DEAR ABBY: My problem concerns my children and others who may have to deal with my finances or estate should I become ill or die.
I constantly get requests from credit card companies and other businesses, like utilities, urging me to "go paperless." "Save a tree ... save a forest!" While I'm sympathetic, I worry that if I were to get sick and no paper bills arrive in my mailbox, my children wouldn't know they need to be paid. (They have my durable power of attorney.) If everything arrives online, they'll have no access to that information. Bills and late fees will accumulate, and no one will be the wiser.
This is why I resist. I pay many of my bills online, but I also receive paper documents. I know many companies and credit card issuers are unsympathetic about reducing or eliminating late fees, regardless of the situation. I don't trust them to waive these fees -- even if I'm desperately ill or dead. I don't know how to "go paperless" and keep my children informed at the same time. Abby, your column could create a national dialogue on this problem. Thank you. -- DEBORAH IN ST. CLOUD, MINN.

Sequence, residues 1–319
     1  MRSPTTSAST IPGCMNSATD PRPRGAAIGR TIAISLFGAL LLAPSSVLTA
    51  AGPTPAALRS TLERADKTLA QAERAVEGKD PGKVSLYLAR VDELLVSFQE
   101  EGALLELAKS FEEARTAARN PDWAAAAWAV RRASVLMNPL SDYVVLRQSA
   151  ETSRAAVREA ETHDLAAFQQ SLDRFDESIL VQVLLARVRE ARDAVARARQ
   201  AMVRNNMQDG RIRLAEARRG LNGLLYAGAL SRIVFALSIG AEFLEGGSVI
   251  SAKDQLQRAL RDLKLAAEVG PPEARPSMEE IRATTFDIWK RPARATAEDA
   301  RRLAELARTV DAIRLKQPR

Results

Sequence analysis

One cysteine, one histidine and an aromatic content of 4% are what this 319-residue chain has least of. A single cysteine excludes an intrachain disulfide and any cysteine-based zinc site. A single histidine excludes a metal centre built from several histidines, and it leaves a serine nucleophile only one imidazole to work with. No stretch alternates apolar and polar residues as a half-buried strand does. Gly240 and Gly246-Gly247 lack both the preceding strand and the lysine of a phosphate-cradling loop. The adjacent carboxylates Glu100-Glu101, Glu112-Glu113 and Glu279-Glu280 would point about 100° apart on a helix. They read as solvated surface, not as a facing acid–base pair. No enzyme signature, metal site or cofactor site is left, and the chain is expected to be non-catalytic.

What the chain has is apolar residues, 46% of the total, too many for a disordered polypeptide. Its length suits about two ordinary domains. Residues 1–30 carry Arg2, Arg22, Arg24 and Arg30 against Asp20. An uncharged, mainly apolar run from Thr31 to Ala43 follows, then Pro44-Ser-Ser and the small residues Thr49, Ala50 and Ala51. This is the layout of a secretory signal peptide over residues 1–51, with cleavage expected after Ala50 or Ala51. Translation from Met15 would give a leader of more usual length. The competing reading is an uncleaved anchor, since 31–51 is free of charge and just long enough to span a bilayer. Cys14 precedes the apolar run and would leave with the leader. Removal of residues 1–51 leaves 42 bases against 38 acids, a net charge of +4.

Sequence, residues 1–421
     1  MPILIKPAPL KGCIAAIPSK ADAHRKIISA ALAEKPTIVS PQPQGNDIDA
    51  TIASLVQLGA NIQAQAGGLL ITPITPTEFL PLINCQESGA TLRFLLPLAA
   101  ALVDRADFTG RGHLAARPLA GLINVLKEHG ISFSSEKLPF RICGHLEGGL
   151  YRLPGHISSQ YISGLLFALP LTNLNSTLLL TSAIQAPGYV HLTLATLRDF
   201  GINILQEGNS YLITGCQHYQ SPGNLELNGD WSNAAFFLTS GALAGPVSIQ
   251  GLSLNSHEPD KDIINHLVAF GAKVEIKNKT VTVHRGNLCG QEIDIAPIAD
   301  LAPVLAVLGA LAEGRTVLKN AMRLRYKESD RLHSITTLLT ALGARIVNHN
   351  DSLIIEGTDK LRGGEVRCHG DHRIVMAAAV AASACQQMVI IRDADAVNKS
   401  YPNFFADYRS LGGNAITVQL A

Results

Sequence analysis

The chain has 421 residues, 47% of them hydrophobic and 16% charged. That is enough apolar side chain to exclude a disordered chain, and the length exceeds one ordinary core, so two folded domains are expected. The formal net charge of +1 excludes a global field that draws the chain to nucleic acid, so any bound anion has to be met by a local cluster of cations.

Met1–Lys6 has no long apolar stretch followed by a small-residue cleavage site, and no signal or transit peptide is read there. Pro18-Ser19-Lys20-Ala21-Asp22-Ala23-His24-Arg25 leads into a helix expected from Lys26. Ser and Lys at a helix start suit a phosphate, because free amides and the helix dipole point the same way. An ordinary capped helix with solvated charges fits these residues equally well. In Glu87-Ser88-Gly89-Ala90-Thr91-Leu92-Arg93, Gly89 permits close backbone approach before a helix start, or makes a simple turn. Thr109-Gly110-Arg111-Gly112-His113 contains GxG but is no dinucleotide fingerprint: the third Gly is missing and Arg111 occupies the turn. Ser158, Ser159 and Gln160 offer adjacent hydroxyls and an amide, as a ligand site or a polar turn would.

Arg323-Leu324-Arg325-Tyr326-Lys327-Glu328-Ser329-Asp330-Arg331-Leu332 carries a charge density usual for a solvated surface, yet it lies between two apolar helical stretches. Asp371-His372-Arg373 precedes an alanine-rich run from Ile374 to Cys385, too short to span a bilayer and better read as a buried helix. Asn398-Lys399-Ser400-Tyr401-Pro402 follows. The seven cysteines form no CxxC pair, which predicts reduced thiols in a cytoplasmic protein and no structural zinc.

DEAR DEBORAH: Before you go paperless, make a list of all of your accounts and usernames and passwords. There is software that allows people to upload their account information into so-called "digital vaults" for storage. Alternatively, the information could be written down and placed with your health care and financial powers of attorney.
To make certain that everything goes smoothly should you become incapacitated, or in the event of your death, give a list of your current digital information to someone you trust, let people know who has that information, and leave instructions on how you want things handled.